What COVID-19 means for contractors under HMRC enquiry
At a time when the world has been plunged into coronavirus-led chaos and limited company businesses may even be fighting for their very survival, taxation is probably the last thing on your mind as a contractor.
However, HMRC has not entirely forgotten about you and for a change, you’re not necessarily on their radar for the wrong reasons, writes Nathan Ross-Sercombe, director of tax investigations at Markel Tax.
HMRC has not (currently) published anything about their approach to ongoing enquiries during the pandemic, but communications on individual cases suggest that HMRC’s ability to continue to operate has been severely curtailed.
Two weeks ago, HMRC staff were instructed not to return to their offices and the instruction came unexpectedly to many. So there was no time to scan files and other documents required to continue working cases. In addition, HMRC’s IT systems were not designed to support simultaneous home-working for such a large organisation and officers have been instructed not to hold face-to-face meetings.
In fact, last week, the Revenue's officers were instructed to pull back from customer-facing compliance work, unless the customer wished to proceed. Letters giving the option to suspend activity are now being issued to some clients, yet HMRC is also saying that where statutory time limits are in point, they may have to write to them again.
Alternative Dispute Resolution: Good news; bad news
HMRC has indicated that they are continuing to operate their Alternative Dispute Resolution facility, but the general policy on face-to-face meetings applies. This will come as a disappointment to many contractors who may feel that they will not get the most out of the ADR process if it has to be done over the telephone. However, the good news is that for existing cases HMRC are agreeing to postpone meetings. Unfortunately for new cases, it’s bad news though – the Revenue are offering the process by telephone only.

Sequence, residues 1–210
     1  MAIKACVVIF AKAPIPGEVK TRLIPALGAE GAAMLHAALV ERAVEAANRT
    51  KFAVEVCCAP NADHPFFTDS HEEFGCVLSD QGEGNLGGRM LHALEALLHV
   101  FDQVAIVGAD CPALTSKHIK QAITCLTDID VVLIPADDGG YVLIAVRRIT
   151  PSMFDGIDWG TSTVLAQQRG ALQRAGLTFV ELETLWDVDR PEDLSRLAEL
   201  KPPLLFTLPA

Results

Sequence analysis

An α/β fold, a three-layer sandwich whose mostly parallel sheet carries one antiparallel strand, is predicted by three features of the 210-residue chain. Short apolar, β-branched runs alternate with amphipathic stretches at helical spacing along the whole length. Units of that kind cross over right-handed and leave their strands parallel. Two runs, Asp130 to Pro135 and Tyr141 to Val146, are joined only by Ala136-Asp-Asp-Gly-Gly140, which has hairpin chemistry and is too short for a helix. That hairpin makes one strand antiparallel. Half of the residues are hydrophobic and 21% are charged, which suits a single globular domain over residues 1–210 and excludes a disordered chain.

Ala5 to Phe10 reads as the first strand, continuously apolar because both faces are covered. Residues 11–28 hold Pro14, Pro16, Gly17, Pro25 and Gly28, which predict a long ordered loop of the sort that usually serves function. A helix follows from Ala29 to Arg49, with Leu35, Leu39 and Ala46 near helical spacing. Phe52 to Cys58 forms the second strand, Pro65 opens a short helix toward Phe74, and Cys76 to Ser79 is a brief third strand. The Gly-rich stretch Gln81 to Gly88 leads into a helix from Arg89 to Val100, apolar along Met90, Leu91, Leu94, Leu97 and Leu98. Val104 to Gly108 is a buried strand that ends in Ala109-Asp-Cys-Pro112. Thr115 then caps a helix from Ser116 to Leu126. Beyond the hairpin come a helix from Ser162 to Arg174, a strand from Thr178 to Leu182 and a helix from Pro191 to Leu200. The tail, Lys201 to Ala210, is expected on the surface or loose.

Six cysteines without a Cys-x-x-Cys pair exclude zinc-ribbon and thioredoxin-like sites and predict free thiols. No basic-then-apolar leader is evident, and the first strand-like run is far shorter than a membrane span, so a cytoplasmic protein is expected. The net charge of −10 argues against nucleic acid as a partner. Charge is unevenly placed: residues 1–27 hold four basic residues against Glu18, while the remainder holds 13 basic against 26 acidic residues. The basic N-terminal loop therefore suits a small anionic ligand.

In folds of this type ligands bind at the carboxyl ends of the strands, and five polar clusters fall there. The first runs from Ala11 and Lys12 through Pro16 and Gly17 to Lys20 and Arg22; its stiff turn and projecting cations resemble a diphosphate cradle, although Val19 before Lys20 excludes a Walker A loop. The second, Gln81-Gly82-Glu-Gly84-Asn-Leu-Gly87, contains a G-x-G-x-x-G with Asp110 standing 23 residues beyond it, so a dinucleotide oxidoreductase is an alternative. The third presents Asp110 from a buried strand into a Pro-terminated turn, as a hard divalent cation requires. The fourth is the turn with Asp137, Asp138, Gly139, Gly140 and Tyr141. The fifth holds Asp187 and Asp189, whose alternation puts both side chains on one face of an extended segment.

So you’ve got a case at tribunal…
The tribunal service part of the Gov.uk website indicates that justice must continue to be administered, despite COVID-19. So trial and tribunals are proceeding subject to implementation of the government’s coronavirus guidelines, notably those on social distancing and the necessity to self-isolate.
In addition, on March 23rd, the Lord Chief Justice announced a temporary pause on Jury trials and on March 27th, we received an email from the tribunal service informing us that Judge Sinfield, acting as Chamber President of First Tier Tribunal (Tax Chamber), had issued a direction that all proceedings are stayed for a period of 28 days. It is clear, then, that the situation of the courts continues to change on a day-by-day basis.
What about settling HMRC enquiries?
Given the clear difficulties outlined above, now might be a good time in many cases to broach the matter of settlement.
With HMRC unable to proceed with their enquiries in a meaningful way in many cases, officers may be taking stock of their case-loads and looking to rationalise, to avoid the inevitable problems that this situation will begin to store up. Unlike the general public and toilet rolls, no inspector will want to stock-pile old unworked enquiries!
In cases where settlement is on the horizon, clients and advisers should be able to obtain generous terms for payment arrangements.
Paying existing debts: Time To Pay
Ordinarily, where there are difficulties in paying debts that have been passed to the collector (and therefore it is too late to agree a payment arrangement with the inspector in charge of your enquiry), it is sometimes possible to agree a Time To Pay (TTP) arrangement. Such an arrangement is a programme of repayments tailored to the meet the taxpayer’s ability to pay, without causing undue hardship and are agreed between taxpayer and tax authority.